#185- 2001: A Space Odyssey

Quick recap: A group of scientists find a monolith buried on the moon and set off toward Jupiter in order to learn more about who might have placed it there. Oh, and there’s a crazy computer that wreaks havoc.

I feel like The Simpsons is just one long 2001 reference I feel like The Simpsons is just one long 2001 reference

Fun (?) fact: Conspiracy theorists (AKA nutjobs) claim that 2001: A Space Odyssey being released so closely to the moon landing is not a coincidence. They (the nutjobs) think that Kubrick directed the landing and used leftover props from his movie.


My thoughts: As I have come to learn with Kubrick films, they are infinitely more enjoyable on the big screen. I had the opportunity to watch 2001: A Space Odyssey at the Drafthouse and it was every bit as awe inspiring as I expected it to be. The Drafthouse played the entire thing-from overture, to intermission, to ending credits so that we, the audience, would have the full effect of the movie. It is a classic for sure, and yet I have no idea what the hell it is all about.

In writing that, though, I am fulfilling what Kubrick wanted. He said in interviews that he never meant ambiguity but he also said that he doesn’t expect anyone to fully ‘get’ it because it is open to interpretation. As pretentious as that sounds, I like that idea. My personal belief is that the movie is about evolution and the monolith represents the next step. Maybe it was set up by aliens? I don’t know. When Dave passes through all the light and ends up in the neoclassical room, I think it’s because he has seen the inside of the monolith, evidently all of time and space. As he progresses in age and finally back to fetus, he represents the ‘birth’ of a new age for Earth, something even more exciting to come. I have no idea if I am right and I don’t really care because that’s just not the point.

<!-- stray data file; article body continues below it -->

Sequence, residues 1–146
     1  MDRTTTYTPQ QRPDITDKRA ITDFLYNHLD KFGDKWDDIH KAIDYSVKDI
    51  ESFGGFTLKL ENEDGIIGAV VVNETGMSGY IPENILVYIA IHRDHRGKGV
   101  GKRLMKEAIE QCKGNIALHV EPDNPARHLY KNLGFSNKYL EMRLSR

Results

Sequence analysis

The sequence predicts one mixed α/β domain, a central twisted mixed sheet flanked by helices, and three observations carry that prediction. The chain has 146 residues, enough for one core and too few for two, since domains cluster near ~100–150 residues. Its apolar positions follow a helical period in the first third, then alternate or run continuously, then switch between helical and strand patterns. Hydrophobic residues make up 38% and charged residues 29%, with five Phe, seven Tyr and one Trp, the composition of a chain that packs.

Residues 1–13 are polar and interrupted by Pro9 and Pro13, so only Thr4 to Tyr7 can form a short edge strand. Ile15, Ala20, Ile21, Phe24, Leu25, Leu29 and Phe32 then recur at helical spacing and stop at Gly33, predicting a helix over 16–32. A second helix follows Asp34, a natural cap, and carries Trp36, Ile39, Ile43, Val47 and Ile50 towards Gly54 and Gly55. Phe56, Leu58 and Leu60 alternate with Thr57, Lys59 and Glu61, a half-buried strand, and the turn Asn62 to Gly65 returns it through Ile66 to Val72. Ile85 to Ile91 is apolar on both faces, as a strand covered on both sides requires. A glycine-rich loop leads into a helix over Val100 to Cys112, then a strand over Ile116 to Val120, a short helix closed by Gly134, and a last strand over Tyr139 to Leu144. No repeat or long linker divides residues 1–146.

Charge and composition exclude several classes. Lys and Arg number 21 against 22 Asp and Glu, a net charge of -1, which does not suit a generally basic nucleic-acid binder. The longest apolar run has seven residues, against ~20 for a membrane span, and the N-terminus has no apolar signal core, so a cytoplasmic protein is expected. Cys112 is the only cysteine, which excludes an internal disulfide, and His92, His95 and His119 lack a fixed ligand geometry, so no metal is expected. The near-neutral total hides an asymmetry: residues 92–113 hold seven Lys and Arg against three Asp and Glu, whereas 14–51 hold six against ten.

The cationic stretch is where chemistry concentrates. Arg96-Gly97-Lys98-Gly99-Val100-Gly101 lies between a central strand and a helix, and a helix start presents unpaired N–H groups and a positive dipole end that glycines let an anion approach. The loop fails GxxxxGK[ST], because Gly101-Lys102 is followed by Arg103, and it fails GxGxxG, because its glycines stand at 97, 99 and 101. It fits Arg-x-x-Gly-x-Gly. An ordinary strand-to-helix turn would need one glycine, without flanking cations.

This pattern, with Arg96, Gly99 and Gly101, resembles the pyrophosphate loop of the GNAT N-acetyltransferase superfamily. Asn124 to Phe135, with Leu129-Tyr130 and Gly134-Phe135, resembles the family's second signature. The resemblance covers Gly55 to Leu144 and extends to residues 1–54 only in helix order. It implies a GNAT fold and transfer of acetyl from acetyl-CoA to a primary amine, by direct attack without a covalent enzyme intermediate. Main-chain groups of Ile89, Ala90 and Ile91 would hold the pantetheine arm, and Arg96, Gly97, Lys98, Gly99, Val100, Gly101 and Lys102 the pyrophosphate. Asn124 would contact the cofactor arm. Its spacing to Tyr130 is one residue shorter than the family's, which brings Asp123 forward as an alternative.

A guy next to me evidently hated the whole movie and when he left, scoffed and said that Star Wars was much better, in terms of special effects. I didn’t punch him, although I don’t think anyone would have stopped me. Aside from that guy (who also called the ‘intermission’, the ‘intervention’), I think most people would agree how amazing the whole movie looked. It’s so hard to believe it was shot in the ’60s and I was most impressed by how realistic space travel was portrayed. This is a very visual movie, which sounds redundant, but it’s not. There is very little dialogue throughout the whole thing, but there is so much too look at. It’s almost too much at times and I can see why so many people devote their lives to trying and figuring out all the symbolism.

The main reason the Drafthouse showed 2001: A Space Odyssey was because it is part of their ‘soundtrack’ series, which showcases movies with great soundtracks. So it’s a no brainer to include this film. Every note was put in place perfectly and set the mood for each scene in a way no other film I have seen does. The music heard when the monolith is first seen on the moon is terrifying and for good reason. It sounded like angry bee people or something and I actually felt an uneasiness throughout the entire scene. What also impressed me was how the absence of sound or music could be as equally terrifying. When HAL cuts the oxygen cord from the astronaut and sends him hurtling into space, that scene scared me as much as any other scene in a horror movie could have done.